UK: solar requires 50% less subsidy than Hinkley Point C nuclear plant, STA finds

The Solar Trade Association (STA) of the U.K. has published analysis that shows solar power would just half the subsidy of the controversial Hinkley Point C nuclear plant in order to deliver the same amount of power over the same lifetime.

Head of policy at the STA, Mike Landy, said that the analysis should make people "stop and think" about how inexpensive solar power is, and urged the British government to "explain why it is drastically cutting support for solar energy" while also backing the Hinkley nuclear development with double the level of subsidy.

The answer may lie in this week’s state visit by Chinese premier Xi Jinping, who is touring Britain all week and will personally sign the deal for the nation’s first nuclear power plant in a generation – to be owned by China’s state-backed nuclear company CGN.

China will foot around 30% of the plant’s cost, which is expected to amount to more than £26 billion ($35 billion), making it one of the most expensive ‘objects’ in the world.

However, critics have pointed out that once all construction, maintenance and subsidy costs are taken into consideration, the power plant will deliver nuclear energy for £92.50/MWh, way above the current wholesale price for energy in the U.K., which stands at £45/MWh.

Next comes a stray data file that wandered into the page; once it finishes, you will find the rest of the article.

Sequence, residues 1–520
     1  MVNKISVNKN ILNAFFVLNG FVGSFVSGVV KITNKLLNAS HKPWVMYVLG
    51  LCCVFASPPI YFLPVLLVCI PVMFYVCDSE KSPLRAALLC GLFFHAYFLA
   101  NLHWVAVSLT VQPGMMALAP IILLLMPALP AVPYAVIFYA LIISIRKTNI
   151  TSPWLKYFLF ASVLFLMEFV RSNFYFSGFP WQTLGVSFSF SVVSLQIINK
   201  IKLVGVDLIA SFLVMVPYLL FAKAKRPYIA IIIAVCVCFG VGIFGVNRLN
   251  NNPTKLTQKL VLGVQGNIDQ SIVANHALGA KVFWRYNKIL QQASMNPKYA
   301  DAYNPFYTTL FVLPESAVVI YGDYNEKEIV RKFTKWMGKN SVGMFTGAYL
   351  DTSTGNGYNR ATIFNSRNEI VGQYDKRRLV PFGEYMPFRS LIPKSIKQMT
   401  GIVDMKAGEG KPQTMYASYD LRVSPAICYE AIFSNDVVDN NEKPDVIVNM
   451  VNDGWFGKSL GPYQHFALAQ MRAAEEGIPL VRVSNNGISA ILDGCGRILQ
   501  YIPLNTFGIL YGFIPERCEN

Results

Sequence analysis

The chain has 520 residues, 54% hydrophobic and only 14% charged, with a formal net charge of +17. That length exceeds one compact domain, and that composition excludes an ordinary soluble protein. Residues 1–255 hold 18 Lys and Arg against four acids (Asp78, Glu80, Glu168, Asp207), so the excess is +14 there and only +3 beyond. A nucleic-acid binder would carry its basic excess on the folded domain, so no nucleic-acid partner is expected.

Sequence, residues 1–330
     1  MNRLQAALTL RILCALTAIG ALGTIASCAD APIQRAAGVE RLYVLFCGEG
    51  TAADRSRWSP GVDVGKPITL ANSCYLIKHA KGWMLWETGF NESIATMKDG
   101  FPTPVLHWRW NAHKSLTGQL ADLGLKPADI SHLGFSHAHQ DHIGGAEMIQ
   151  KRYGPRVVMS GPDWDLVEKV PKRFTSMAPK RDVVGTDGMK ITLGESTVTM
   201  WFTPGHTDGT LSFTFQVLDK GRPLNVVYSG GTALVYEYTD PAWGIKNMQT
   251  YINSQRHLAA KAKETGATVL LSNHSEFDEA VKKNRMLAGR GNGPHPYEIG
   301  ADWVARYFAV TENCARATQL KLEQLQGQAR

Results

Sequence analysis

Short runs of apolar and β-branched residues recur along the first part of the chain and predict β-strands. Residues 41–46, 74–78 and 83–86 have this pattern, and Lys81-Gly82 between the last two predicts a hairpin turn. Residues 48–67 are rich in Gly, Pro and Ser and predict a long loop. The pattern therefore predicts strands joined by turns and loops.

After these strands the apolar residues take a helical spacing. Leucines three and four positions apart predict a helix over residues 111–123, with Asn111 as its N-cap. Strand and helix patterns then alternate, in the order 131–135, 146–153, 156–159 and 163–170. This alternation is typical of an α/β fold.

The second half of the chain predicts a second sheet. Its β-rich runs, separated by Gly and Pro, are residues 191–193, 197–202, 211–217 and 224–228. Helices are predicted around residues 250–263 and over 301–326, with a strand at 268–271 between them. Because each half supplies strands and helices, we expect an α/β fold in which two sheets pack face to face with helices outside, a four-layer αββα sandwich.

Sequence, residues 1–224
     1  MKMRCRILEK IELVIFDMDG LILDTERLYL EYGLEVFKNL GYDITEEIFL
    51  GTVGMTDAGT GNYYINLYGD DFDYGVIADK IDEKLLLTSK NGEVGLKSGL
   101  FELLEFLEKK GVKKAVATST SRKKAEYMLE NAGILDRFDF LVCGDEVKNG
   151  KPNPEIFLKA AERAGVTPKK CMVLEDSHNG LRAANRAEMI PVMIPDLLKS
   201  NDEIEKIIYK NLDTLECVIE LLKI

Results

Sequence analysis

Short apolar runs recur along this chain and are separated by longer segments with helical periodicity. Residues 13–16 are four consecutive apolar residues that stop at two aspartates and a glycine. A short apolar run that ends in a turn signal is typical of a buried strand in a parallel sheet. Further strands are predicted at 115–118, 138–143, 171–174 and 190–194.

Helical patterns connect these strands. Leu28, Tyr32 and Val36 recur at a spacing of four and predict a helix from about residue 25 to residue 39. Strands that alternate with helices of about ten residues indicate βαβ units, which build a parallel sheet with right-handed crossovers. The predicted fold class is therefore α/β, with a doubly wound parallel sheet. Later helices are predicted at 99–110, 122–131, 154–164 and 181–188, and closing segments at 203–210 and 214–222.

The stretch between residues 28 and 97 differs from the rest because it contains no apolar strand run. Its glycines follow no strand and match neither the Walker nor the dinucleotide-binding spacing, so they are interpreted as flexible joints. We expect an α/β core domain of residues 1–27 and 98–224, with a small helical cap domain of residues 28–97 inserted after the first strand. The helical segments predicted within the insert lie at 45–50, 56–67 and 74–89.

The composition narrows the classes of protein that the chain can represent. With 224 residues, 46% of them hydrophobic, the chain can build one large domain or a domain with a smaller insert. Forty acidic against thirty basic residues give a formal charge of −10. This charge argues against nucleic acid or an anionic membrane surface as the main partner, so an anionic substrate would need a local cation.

The STA’s analysis should prove uncomfortable for a government that has long argued solar’s subsidies are uneconomic, and must be slashed in order to protect the bills of hardworking families. Not only have renewables helped lower wholesale energy prices in the U.K., but solar can survive, thrive and match Hinkley’s power output over the next 35 years on 50% of the subsidy required for the nuclear behemoth.

"We are not saying that solar is the solution to all our energy problems, nor that it could completely replace other technologies," said Landy. "However, the government needs to explain why it is drastically cutting support for solar energy while offering double the subsidy to Hinkley. It also needs to explain why it is championing overseas state-backed utilities over British solar companies which, given stable support, would have considerable growth prospects."

The STA’s document contains interim reports of ongoing analysis that the trade body will further refine, adding wind into the model to strengthen the arguments for renewable energy against nuclear.